In March I’m facilitating a program that is focussed on using social / collaborative approaches as part of a learning solution to meet a business need.  As a result of participating in this program you’ll be able to do the following:

  1. Determine how social learning can help address your specific business problem / opportunity
  2. Design or redesign a learning solution to effectively incorporate social learning
  3. Select social learning activities and enabling tools to use in your solution
  4. Develop a strategy to implement your social learning solution

How This Program Works

learning-playThis is a program about social / collaborative learning.  As such it is a social learning experience.  There are three elements to this program:

Pre-workshop – You can familiarise yourself with the program by viewing a small set of online resources.   It is essential to select an appropriate workplace project to work on during the workshop – guidance is provided in a pre-workshop introduction to assist with this selection.  Participants are also invited to join a private online discussion forum in LinkedIn.

Workshop – This is a highly participative and collaborative event, focused around a number of individual and group activities.  Participants will be able to work on the design of a social learning solution for your workplace project.  You should bring your smartphone, tablet or laptop as we will be making good use of them to access web resources and use online tools.  We will use a shared Google document for collaborative note-taking, and you are invited to use the LinkedIn group as a backchannel.

Post-workshop – The LinkedIn group will remain active for at least four weeks after the workshop.  You are encouraged to continue to work on your social learning solution, and you may seek feedback on your solution via the  group.  You also have the opportunity to participate in the collaborative development of a social learning resource.  Additional resources will be posted and you can continue the conversation with the group online.

How to Enrol

The workshop is being run as a pre-conference event at the 9th Annual Blended Learning Conference.  For more information on the workshop, about me as your facilitator, and how to register download the brochure.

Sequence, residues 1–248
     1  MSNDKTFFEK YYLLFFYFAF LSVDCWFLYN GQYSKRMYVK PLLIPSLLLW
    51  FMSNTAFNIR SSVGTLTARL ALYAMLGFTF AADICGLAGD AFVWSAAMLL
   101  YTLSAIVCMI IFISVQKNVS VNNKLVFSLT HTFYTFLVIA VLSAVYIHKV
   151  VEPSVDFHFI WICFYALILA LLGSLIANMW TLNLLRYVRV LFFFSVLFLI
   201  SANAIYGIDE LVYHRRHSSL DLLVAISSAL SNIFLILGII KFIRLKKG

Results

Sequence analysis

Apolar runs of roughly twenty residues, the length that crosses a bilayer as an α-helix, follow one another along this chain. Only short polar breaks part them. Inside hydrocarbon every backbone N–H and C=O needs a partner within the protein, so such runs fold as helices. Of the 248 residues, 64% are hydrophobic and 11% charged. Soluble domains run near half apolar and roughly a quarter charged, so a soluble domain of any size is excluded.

Follow on Twitter

Use the hashtag #blc to follow the Blended Learning Conference backchannel.

Add the hashtag #soclrn to follow the public backchannel for the workshop.


Demonstrating Value from Working Out Loud Circles in an Organisation

This is the second in a two-part case study on the first wave of Working Out Loud Circles at Coca-Cola Amatil.  The first post discussed how the Circles were set up and supported.  This second post  discusses the evaluation and outcomes.

Recall from the first part of this case study that this was the first wave of Working Out Loud (WOL) Circles run in the organisation, and that it was done as a grass roots initiative, with a senior manager as sponsor.  The purpose of the experiment was to understand the potential value of the Circles in the organisation in order to get management support.  We were also interested in how we could run future Circles effectively.

WOL Circle Stories

I read some statistics this week about the low number of  people who make it all the way to the end of a blog post.  So, I’m posting the bit that don’t want you to miss out on first.  (BTW – there’s some good stuff further down so be sure to at least skim through – most of it is presenting visually and easy to understand.)

As part of demonstrating the value of WOL Circles some of the participants agreed to make a video discussing the value they got from being part of a Circle.  These videos can be used in a range of ways to promote Circles in an organisation, including getting support of managers and encouraging people to join a Circle.  Thank you to Navya Chandran and Justine Jardine for agreeing to their videos being shared publicly.


Two weeks after completing their Working Out Loud Circle participants were sent a survey – 13 responded.  Topics covered in the survey were:

  • Individual goals – what type of goals did participants set, how much progress did they make on their goal, and how did the WOL Circle help them to work on their goal.
  • WOL program – program structure, duration, activities, materials, and participant time
  • Individual value – what people can do as a result of participating in a Circle
  • Organisational value – potential benefits of WOL Circles to the organisation
  • General feedback and recommendation to others – including asking participants whether they would be willing to be interviewed and have their story shared with others